Barack Obama-Aug. 20, 2014-A
President Barack Obama delivers a statement about the murder of James Foley Aug. 20, 2014, during his vacation at Martha’s Vineyard, Massachusetts. Reuters/Kevin Lamarque

President Barack Obama is ready to authorize airstrikes in Syria against the Islamic State, according to a report by the New York Times. A White House statement released Tuesday indicated that Obama would not be seeking congressional approval to authorize military action in Syria.

The Times cited a senior administration official as saying the president was willing to order the strikes against the Sunni militants inside Syrian territory. The move would broaden the U.S. campaign that is already taking place in Iraq, where the U.S. has launched more than 100 targeted airstrikes on the group.

The approval of airstrikes in Syria is likely to be a major component of the international coalition's strategy to fight ISIS. Obama is expected to lay out that strategy Wednesday night in a prime-time speech (9 p.m. EDT). The Syrian government has previously warned the U.S. against intervening militarily without direct approval from Damascus.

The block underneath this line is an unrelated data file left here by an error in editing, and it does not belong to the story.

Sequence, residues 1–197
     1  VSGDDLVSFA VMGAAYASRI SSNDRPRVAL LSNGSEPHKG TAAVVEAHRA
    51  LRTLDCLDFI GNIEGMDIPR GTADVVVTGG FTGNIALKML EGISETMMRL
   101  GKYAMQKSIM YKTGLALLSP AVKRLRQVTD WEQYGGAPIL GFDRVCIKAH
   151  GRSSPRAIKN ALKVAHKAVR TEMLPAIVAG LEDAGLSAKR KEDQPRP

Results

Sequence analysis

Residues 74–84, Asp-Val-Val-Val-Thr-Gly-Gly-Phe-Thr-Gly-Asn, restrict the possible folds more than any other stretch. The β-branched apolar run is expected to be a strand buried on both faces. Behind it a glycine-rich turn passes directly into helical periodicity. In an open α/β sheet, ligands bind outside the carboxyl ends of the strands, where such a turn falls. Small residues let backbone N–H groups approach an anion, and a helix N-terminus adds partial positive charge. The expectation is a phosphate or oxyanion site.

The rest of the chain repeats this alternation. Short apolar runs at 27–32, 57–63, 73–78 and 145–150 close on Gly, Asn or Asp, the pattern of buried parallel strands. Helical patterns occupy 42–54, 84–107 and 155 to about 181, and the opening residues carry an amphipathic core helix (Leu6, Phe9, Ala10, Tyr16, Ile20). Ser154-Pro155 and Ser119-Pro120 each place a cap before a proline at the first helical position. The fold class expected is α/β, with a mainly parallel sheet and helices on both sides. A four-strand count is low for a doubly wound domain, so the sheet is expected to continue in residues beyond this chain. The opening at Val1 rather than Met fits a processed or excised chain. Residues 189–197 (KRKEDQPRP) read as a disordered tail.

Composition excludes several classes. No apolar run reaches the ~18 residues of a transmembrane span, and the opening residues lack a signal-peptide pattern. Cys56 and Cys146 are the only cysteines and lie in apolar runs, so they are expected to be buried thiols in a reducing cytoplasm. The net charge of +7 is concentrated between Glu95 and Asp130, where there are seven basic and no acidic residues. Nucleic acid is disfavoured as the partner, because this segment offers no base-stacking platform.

Airstrikes in Syria would mark a major shift from Obama's initial stance on the war there. For the past three years, the president has refrained from authorizing any military action in the country, even after the Assad regime used chemical weapons on civilians in Ghouta in August of 2013.

But recent events have pushed the Obama administration to more seriously consider the strategy in Syria. The beheadings of U.S. journalists James Foley and Stephen Sotloff by ISIS fighters prodded the administration to formation an international coalition. The graphic killings instigated a new discussion about how much of a threat the militant group was to the American homeland. Although senior U.S. officials have said ISIS is not capable of a 9/11-style attack, it clearly threatens the security of Americans overseas.

The U.S. will need to balance its interest in defeating ISIS, propping up the moderate opposition and avoid supporting Assad if it intervenes militarily in Syria. As of this week, spokesmen at the White House and State Department have said they do not support a Syria with Assad in power. But airstrikes in Syrian territory that targeted ISIS could actually help the Assad regime regain land it lost in the north and east.